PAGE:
Dear SIG members The proposal "prop-104-v001: Clarifying demonstrated needs requirement in IPv4 transfer policy' has been sent to the Policy SIG for review. It will be discussed at the Policy SIG at APNIC 34 in Phnom Penh, Cambodia, Thursday, 30 August 2012. We invite you to review and comment on the proposal on the mailing list before the meeting. The comment period on the mailing list before an APNIC meeting is an important part of the policy development process. We encourage you to express your views on the proposal: - Do you support or oppose this proposal? - Does this proposal solve a problem you are experiencing? If so, tell the community about your situation. - Do you see any disadvantages in this proposal? - Is there anything in the proposal that is not clear? - What changes could be made to this proposal to make it more effective? Information about this proposal is available from: https://www.apnic.net/policy/proposals/prop-104 Andy, Skeeve, Masato ---------------------------------------------------------------------- prop-104-v001: Clarifying demonstrated needs requirement in IPv4 transfer policy ---------------------------------------------------------------------- Authors: Shin SHIRAHATA <shin(a)clara.ad.jp> Norisuke HIRAI Akira NAKAGAWA 1. Introduction ---------------- This proposal defines the period to be approved of IPv4 transfers for recipients under demonstrated needs, in addition to current IPv4 address policy for allocation/assignment from APNIC. 2. Summary of the current problem ---------------------------------- The current APNIC transfer policy has a requirement for demonstrate a need for transferred IPv4 addresses. The period of demonstrated needs under the current operational practice is 12 months based on the definition in Section 3.2, "Criteria for subsequent LIR delegations" in the "Policies for IPv4 address space management in the Asia Pacific region", "Based on these factors, APNIC and NIRs will delegate address space to meet the LIR's estimated needs for a period up to one year up to the maximum allowed delegation under Section 3." and this period was defined before the exhaustion. On the other hand, ARIN allows transfers based on demonstrated needs up to 24 months. This leads to difference in conditions of the transfer between LIRs in the APNIC region and the ARIN region. Furthermore, 12 months is also too short for transfers within the APNIC region considering many xSPs plan their service and their addressing requirements beyond one year. 3. Situation in other RIRs --------------------------- ARIN has a requirement for the period to be approved of IPv4 transfers for recipients under demonstrated needs, up to 24 months. LACNIC has a policy that defines to evaluate for 12 months needs. RIPE NCC has 3 months requirement at this time, and the policy proposal that extend to 24 months, is under discussion. AfriNIC: AfriNIC currently does not have an IPv4 address transfers policy. ARIN: ARIN policy has a clear period for justification for IPv4 address transfers, and the period is 24 months. "Such transferred number resources may only be received under RSA by organizations that are within the ARIN region and can demonstrate the need for such resources in the amount which they can justify under current ARIN policies showing how the addresses will be utilized within 24 months." See Section 8.3, "Transfers to Specified Recipients" in the "ARIN Number Resource Policy Manual": https://www.arin.net/policy/nrpm.html#eight3 This change was proposed by "DRAFT POLICY ARIN-2012-1: CLARIFYING REQUIREMENTS FOR IPV4 TRANSFERS". https://www.arin.net/policy/proposals/2012_1.html LACNIC: LACNIC policy defines to evaluate for 12 months needs for the recipient of the IPv4 address transfer. However, the transfer will only be activate once LACNIC's address pool runs out. (expect for the reserved space) See Section 18.104.22.168, "Submission of Assignment Information" and Section 22.214.171.124.2, "Transfer of IPv4 Blocks within the LACNIC Region" in the LACNIC Policy Manual (v1.9): http://lacnic.net/en/politicas/manual3.html RIPE: In the RIPE region, the period of needs approved for IPv4 address transfers will be based on the definition of the current allocation policy, which is 3 months. Currently, there is no policy which defines the period of needs based justification, specifically for IPv4 transfers, separate from allocation criteria. See Section 5.0, "Policies and Guidelines for Allocations" in the RIPE-553, "IPv4 Address Allocation and Assignment Policies for the RIPE NCC Service Region:" http://www.ripe.net/ripe/docs/ripe-553/ However, there is a policy proposal under discussions which proposes to extend the period of the demonstrated needs in case of IPv4 transfers, up to 24 months. See 2012-03, "Intra-RIR Transfer Policy Proposal". http://www.ripe.net/ripe/policies/proposals/2012-03 4. Details ----------- This proposal clarifies the requirement on a period approved for the transferred resource to recipients of IPv4 transfers based on the demonstrated needs, and defines its period as "24 months". In case of Inter-RIR transfer, when there is a RIR which defines a period longer than 24 months in the future, the longer period adopted by the other RIR will be adopted. This proposal does not intend to change the requirement for an address allocation or assignment. 5. Pros/Cons ------------- Advantages: - Extended period will allow the larger block size to match a longer term needs of the requester. It will help to reduce an IPv4 address block fragmentation caused by transfer. - APNIC member can apply for IPv4 address transfer as a receiver on the same condition of demonstrate a need in other RIR in case of Inter-RIR transfer. At this time, ARIN is the only RIR that adopts Inter-RIR policy in place other than APNIC. Thus, it places APNIC policy in line with ARIN on the transfer conditions. - It will allow the block size to more closely match the block size available for transfer from source - It will reduce the risk of underground IPv4 address transfers, which do not get registered in APNIC database. There is a possibility that the recipients could not obtain justification for enough IPv4 address by the current period of demonstrated needs. Disadvantages: - None There may be people who feel 24 months does not lead to efficient utilization compared to 12 months. However, the objective of needs based justification is not to "cut the size of address space to be transfered"; it is to ensure that the transfered space will be utilized in realities. 24 months is a realistic period to estimate required address space for xSPs. 6. Effect on APNIC Members --------------------------- It will requires a recipients within the APNIC region must demonstrate the need for up to a 24 months use of IPv4 address block. If there is a RIR which defines a period longer than 24 months, the recipients may use the longer period to demonstrate its demand for an Inter-RIR transfer from that RIR. 7. Effect on NIRs ------------------ It is the NIR's choice as to whether to adopt this policy.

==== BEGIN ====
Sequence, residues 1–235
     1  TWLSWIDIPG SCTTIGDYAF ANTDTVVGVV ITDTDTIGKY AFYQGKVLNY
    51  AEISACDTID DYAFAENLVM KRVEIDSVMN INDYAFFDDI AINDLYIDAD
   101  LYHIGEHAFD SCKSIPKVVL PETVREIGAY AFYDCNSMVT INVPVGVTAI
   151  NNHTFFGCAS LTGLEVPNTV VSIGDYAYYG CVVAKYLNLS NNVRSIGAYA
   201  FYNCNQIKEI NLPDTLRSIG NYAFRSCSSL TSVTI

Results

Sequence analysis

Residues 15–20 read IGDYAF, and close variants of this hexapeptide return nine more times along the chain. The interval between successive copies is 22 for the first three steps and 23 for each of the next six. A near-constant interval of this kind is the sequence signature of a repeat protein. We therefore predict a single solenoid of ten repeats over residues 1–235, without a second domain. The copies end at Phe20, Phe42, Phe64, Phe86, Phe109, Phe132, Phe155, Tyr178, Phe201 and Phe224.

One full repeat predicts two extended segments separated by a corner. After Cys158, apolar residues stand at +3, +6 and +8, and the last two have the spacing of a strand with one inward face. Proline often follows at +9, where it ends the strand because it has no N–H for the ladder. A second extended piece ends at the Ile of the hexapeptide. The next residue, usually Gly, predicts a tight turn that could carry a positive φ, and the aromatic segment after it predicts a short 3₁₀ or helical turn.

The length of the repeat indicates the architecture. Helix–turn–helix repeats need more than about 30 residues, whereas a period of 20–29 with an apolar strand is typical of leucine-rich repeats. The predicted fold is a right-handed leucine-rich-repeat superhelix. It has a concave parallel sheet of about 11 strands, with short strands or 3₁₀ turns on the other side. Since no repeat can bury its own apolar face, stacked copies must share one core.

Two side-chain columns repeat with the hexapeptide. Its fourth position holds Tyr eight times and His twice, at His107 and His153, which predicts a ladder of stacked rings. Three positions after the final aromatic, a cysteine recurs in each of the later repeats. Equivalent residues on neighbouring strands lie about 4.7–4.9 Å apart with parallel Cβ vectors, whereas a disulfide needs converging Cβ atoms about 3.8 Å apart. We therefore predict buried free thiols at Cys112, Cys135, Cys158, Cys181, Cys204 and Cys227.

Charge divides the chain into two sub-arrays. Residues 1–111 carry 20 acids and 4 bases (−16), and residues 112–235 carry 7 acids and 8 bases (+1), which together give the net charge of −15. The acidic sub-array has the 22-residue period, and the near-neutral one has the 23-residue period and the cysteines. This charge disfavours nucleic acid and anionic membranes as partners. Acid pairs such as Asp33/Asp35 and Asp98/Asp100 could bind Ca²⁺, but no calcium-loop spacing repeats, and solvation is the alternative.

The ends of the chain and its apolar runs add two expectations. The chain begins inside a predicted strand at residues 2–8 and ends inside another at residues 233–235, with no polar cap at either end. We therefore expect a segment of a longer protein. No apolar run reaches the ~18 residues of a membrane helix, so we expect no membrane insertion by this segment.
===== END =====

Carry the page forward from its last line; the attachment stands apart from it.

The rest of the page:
prop-101 Returned to mailing list and Newversion posted